the stakeholders considered by marketers are self, the employing
organization, clients/customers, and fellow employees. Other stakeholders
such as the organization's community, non-client supporters, dissenters, or
competitors, were not considered. Long-Chuan Lu, Gregory M. Rose, and
Jeffrey G. Blodgett, "The Effects of Cultural Dimensions on Ethical
Decision Making in Marketing: An Exploratory Study," Journal of Business
Ethics 18 (1999): 95.
 Pamela J. Shoemaker and Stephen D. Reese, Mediating the Message:
Theories of Influences on Mass Media Content (White Plains, NY: Longman
Publishers, 1996). See also John C. Merrill, "Is Ethical Journalism Simply
Objective Reporting?" Journalism Quarterly 62 (1985): 391-393.
 Philip Patterson and Lee Wilkins, Media Ethics: Issues and Cases
(Dubuque, IA: Wm. C. Brown Publishers, 1991): 9-10; Philip Sieb and Kathy
Fitzpatrick, Public Relations Ethics (Ft. Worth, TX: Harcourt Brace &
Company, 1995): 29-30.
 Mill extended the earlier definition of utilitarianism espoused by
British philosopher Jeremy Bentham. While Bentham focused solely on the
amount of good–or pleasure–derived from a decision, Mill argued that the
quality of the outcome held equal relevance. See Mill, On Liberty; John
Stuart Mill, Utilitarianism (Indianapolis, Ind.: Hackett Publishing, 1979).
See also Theodore C. Denise, Sheldon P. Peterfreund, and Nicholas P. White,
Great Traditions in Ethics, 8th ed. (Belmont, CA: Wadsworth Publishing
Company, 1996), 199-218; Sieb and Fitzpatrick, Public Relations Ethics, 30-31.
 Gene R. Laczniak and Patrick E. Murphy, Ethical Marketing Decisions:
The Higher Road (Boston: Allyn and Bacon, 1993): 34; McElreath, Managing
Systematic and Ethical Public Relations Campaigns, 54; Patterson and
Wilkins, Media Ethics, 8.
 Patterson and Wilkins, Media Ethics, 8-9.
 Nigel G. E. Harris, "Professional Codes and Kantian Duties," in
Ethics and the Professions (Ruth F. Chadwick, ed.), pp. 104-115
(Brookfield, VT: Ashgate Publishing Company, 1994): 105. See also Jenneth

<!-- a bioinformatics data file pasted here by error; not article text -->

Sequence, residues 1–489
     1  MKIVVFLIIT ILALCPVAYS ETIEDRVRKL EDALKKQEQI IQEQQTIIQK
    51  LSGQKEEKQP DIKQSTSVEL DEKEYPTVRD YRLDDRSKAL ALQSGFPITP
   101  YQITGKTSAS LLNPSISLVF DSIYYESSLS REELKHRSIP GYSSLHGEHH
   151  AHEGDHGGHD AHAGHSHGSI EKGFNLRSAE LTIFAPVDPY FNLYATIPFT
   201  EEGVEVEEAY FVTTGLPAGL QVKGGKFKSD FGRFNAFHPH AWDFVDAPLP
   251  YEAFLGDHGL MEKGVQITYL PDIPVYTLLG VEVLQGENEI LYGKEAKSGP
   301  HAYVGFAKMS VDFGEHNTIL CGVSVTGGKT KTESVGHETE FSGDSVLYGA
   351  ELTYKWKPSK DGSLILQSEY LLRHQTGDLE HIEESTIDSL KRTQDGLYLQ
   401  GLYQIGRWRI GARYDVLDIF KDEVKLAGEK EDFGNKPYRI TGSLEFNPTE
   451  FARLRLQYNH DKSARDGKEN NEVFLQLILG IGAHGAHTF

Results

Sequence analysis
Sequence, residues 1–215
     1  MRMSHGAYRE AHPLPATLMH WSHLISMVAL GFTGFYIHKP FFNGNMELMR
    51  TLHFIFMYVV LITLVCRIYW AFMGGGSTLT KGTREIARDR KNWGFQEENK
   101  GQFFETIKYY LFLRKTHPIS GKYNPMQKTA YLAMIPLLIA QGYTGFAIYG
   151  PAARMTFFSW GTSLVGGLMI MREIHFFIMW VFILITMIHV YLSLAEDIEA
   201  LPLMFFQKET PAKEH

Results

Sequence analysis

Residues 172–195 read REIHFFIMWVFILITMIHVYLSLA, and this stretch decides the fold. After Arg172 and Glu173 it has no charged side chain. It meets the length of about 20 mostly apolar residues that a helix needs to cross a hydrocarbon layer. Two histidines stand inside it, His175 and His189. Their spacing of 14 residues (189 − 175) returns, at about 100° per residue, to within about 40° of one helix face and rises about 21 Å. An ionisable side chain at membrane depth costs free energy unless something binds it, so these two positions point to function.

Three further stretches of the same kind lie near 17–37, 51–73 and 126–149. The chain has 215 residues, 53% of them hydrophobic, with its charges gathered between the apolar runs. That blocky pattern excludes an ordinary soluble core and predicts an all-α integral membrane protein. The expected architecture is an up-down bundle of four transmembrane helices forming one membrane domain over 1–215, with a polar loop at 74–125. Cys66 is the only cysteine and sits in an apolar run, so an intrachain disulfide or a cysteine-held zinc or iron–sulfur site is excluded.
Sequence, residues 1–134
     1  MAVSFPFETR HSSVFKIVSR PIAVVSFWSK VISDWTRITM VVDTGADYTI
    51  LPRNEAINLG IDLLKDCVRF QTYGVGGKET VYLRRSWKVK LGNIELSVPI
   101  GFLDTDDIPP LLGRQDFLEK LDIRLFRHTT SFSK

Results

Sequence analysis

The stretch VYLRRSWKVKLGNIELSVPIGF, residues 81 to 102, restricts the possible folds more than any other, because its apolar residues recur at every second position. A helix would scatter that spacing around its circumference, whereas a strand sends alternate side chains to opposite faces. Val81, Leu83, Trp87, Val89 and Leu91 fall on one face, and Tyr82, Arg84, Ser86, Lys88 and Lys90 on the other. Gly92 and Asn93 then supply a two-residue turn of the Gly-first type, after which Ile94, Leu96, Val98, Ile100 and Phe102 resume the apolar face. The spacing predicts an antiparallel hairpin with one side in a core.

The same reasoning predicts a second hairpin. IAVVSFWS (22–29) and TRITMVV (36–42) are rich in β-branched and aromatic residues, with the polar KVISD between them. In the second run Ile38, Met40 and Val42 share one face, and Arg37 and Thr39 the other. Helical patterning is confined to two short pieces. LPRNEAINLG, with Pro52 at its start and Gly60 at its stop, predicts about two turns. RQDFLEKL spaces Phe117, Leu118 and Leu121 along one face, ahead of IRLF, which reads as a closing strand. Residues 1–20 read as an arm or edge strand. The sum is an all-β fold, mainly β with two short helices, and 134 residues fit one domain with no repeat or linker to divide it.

Parker, "Moral Philosophy–Another 'Disabling Profession?'" in Ethics and
the Professions, ed. Ruth F. Chadwick (Brookfield, VT: Ashgate Publishing
Company, 1994), 33.
 Thomas M. Jones, "Ethical Decision Making by Individuals in
Organizations: An Issue-Contingent Model," Journal of Management Review 16,
no. 2 (1991): 366-395; James R. Rest, Moral Development: Advances in
Research and Theory (New York: Praeger, 1986); Ronald R. Sims, Ethics and
Organizational Decision-making: A Call for Renewal (Westport, CT: Quorum
Books, 1994): 40. The four-step problem-solving process is a common means
of addressing general public relations issues as well. See, for example,
Cutlip, Center, and Broom, Effective Public Relations, 339-456.
 Baker, "Applying Kidder's Ethical Decision-Making Checklist to Media
Ethics," 204; Hill, Glaser, and Harden, "A Feminist Model for Ethical
Decision Making," 114; Shelby D. Hunt and Scott Vitell, "A General Theory
of Marketing Ethics," Journal of Macromarketing 8 (1986): 5-16; Rushworth
M. Kidder, How Good People Make Tough Choices (New York: Morrow, 1995):
186; McElreath, Managing Systematic and Ethical Public Relations Campaigns, 57.
McDonald, A Framework for Ethical Decision-Making.
Scholars have maintained that a person's attitude toward a subject can
predict his or her action on it; however, intervening factors such as
social norms, value systems, and habits could interfere. See generally Icek
Ajzen and Martin Fishbein, Understanding Attitudes and Predicting Social
Behavior (Englewood Cliffs, NJ: Prentice-Hall, 1980); Paul C. Stern, Thomas
Dietz, Linda Kalof, and Gregory.A. Guagnano, "Values, Beliefs, and
Proenvironmental Action: Attitude Formation Toward Emergent Attitude
Objects," Journal of Applied Social Psychology 28, no. 18 (1995): 1611-1636.